Star Wars writer-director George Lucas got the inspiration for Chewbacca from his Alaskan malamute, Indiana. Lucas remarked that he looked like a "furry copilot" who would sit in the passenger seat of his wife's car when she went driving.
The word "Wookiee" is the invention of disc jockey Terry McGovern, a friend of Lucas. The story goes that the two were riding in McGovern's car and drove over some unknown obstruction. "Sorry, George," McGovern said. "Must have run over a wookiee back there."
As Lucas revised the Star Wars script, Chewbacca went through many changes. The furry smuggler has a few traits that never made it to the screen, including glowing yellow eyes. For more information on the development of Chewbacca, click here.
CREATING THE GROWL
According to the Star Wars: Behind the Magic CD, Chewbacca's voice was a combination of many varied animal sounds from Ben Burtt's collection, including bear, walruses, camels, and badgers. It took about two weeks for Burtt to perfectly record all of Chewie's dialogue on tape. One of the major components of Chewbacca's vocals was the voice of a black bear named Tarik, who lived at the Happy Hollow Zoo in San Jose, California. Sadly, Tarik died in 1994 at the age of 16, of congestive heart failure, liver diesease, and cancer.
However, TheForce.Net reported that Ben Burtt himself said during "The Sound of Star Wars: An Evening With Ben Burtt" presentation (hosted by the American Film Institute) that Chewie was voiced by the bear cub named Pooh. He also explained that to get the extensive dialogue that Chewie has, the bear was starved for a couple days before recording began.
Chewbacca's costume was designed by Stuart Freeborn (who also designed the Ewok suit and numerous other movie costumes), and was knitted from mohair and straight yak hair. Before donning the over-suit, Mayhew put on a leotard. Knitted padding was added to his shulders, chest and back to produce Chewie's broad upper body. The entire costume weighed 15 pounds.
A lightweight, honeycomb plastic formed the skull, while a layer of foam-rubber padding provided the shape of Chewie's head and face. His teeth were acrylic, and numerous toggles around the mouth, eyes and nose provided realistic facial movement. Before his multi-layered mask was put into place, Mayhew had large, black circles painted around his eyes. Although he wore black gloves and boots during filming, these were concealed by long strands of hair.
The suit was so well-conceived that the design was never altered in any significant manner. However, during the filming of A New Hope, the suit needed to be thickened and reknotted because, it was discovered, the suit had a tendency to molt in hot weather. Duplicate portions of the costume were built throughout the trilogy, and Freeborn completed an entirely new suit for ROTJ.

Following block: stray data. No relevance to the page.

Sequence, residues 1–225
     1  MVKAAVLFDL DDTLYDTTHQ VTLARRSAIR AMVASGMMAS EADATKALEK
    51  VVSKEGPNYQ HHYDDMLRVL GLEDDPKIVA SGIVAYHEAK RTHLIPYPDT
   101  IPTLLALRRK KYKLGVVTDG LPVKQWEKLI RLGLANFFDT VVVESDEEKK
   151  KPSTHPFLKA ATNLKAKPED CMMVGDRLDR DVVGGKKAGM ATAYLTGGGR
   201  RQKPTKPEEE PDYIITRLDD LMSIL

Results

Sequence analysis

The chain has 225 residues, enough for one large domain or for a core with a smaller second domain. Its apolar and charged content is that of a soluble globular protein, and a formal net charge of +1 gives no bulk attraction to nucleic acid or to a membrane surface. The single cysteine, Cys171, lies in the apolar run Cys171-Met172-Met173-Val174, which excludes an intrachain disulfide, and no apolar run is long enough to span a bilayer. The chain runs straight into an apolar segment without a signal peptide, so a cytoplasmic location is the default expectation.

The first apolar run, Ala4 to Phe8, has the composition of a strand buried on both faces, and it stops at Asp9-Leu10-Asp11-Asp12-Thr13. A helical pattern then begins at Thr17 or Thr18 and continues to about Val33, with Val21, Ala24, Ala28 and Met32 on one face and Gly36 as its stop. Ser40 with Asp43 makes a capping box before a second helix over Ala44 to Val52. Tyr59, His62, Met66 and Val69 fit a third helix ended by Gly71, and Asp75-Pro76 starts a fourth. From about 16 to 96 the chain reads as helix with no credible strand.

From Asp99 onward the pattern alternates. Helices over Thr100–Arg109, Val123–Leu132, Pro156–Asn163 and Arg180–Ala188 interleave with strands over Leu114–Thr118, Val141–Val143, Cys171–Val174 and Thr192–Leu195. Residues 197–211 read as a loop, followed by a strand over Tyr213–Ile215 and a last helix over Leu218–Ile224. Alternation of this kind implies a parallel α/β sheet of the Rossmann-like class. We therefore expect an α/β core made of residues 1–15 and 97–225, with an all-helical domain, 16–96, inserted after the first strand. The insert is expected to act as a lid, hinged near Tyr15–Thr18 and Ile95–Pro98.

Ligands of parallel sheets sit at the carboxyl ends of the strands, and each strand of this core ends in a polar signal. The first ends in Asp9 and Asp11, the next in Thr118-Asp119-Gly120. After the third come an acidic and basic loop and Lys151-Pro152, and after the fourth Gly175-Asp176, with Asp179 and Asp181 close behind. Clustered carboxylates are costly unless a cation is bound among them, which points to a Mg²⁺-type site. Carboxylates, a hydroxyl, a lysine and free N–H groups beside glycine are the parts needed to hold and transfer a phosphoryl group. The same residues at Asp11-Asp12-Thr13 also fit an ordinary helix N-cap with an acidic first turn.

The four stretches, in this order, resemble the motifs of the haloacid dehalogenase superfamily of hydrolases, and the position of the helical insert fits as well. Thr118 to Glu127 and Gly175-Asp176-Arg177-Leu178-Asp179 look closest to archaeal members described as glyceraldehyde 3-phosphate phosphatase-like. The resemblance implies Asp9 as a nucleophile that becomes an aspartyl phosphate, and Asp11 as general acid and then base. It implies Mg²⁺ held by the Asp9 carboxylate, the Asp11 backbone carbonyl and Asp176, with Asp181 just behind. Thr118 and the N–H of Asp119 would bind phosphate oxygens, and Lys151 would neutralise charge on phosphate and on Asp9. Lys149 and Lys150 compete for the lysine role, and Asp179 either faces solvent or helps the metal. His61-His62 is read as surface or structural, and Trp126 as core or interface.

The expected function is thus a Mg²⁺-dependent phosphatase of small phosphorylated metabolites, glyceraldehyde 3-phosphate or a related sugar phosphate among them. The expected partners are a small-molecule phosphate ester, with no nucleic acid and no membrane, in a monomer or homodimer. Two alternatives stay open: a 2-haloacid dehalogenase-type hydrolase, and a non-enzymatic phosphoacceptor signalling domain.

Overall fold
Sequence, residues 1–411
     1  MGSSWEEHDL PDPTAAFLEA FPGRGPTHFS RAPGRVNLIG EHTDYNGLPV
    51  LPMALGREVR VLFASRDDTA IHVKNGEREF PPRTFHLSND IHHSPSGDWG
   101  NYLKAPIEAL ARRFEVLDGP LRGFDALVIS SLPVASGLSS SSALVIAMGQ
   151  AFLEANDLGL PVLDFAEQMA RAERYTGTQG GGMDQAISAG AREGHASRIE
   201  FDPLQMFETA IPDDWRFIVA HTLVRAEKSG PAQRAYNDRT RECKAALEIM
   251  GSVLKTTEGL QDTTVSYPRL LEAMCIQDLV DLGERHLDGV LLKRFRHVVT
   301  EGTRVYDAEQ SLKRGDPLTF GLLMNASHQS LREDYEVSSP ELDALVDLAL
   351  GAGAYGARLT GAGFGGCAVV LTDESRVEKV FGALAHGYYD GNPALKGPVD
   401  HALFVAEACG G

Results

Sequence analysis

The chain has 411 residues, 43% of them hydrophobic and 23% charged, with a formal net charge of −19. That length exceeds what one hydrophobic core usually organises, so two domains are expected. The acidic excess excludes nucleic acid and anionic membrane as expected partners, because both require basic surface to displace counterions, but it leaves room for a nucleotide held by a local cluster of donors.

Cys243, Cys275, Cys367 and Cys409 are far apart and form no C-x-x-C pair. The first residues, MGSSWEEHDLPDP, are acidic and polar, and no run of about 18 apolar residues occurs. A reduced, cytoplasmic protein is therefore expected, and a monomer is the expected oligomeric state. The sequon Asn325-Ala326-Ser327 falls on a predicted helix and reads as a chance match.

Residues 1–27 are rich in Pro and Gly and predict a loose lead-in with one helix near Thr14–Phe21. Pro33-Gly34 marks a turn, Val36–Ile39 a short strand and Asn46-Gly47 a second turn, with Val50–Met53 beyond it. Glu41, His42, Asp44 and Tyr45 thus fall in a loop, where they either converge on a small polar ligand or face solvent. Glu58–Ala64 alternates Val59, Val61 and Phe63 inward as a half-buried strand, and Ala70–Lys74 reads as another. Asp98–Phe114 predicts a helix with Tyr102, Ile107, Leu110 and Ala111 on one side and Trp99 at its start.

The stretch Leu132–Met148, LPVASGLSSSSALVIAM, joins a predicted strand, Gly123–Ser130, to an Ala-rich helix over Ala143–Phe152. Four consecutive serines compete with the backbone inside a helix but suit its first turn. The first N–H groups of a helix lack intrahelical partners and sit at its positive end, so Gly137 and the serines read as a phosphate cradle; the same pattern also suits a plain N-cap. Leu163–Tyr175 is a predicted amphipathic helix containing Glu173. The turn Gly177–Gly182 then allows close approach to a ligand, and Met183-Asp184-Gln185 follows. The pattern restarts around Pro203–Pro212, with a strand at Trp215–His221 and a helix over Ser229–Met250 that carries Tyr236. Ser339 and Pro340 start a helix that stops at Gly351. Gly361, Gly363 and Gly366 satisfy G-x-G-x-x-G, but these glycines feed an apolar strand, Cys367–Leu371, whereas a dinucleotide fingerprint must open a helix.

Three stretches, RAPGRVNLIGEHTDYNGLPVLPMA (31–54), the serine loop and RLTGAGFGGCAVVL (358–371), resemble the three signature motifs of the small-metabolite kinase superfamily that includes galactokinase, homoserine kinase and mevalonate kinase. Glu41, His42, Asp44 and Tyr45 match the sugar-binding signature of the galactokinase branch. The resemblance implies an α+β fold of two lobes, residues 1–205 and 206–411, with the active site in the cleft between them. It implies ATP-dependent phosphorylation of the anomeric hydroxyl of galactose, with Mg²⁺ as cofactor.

According to Mayhew, the costume was not unduly uncomfortable when he was performing on location. For instance, while shooting in Arizona, he explained that is he faced the wind, he would cool down quickly. However, the suit did become rather hot while shooting beneath the large lights on studio sets. Under normal studio conditions, Mayhew found that he could only keep the mask on for 30 or 40 minutes. Scenes in the carbon-freezing chamber, a set that often exceeded 90 degrees F, proved especially trying. While filming inside the cockpit of the Millennium Falcon, a small spotlight actually ignited part of the costume. During the skiff battle in Return of the Jedi, Chewie again caught fire when a spark from a nearby explosion hit the hairy costume. Fortunately, in both instances, the flames were extinguished before Mayhew was injured.
EPISODE I: THE PHANTOM MENACE
When Lucas decided he wanted Wookiees to be among the dozens of represenatives in the Galactic Senate scene of Episode I, he turned to TPM Creature Effects Supervisor Nick Dudman. Rather than create a whole new Wookiee suit, Dudman pulled a Chewbacca costume from the Lucasfilm Archives which had recently been used for Chewie's public appearances. To differentiate between the three Wookiee senators that would appear in the film, Dudman added varying amounts of white hair to the costume, and the actor wearing it was shot three separate times.
"We would move the Wookiee into a new position on the set and add more or less white hair to it," Dudman explains. "When the shots were put together, we ended up with three different Wookiees out of one suit."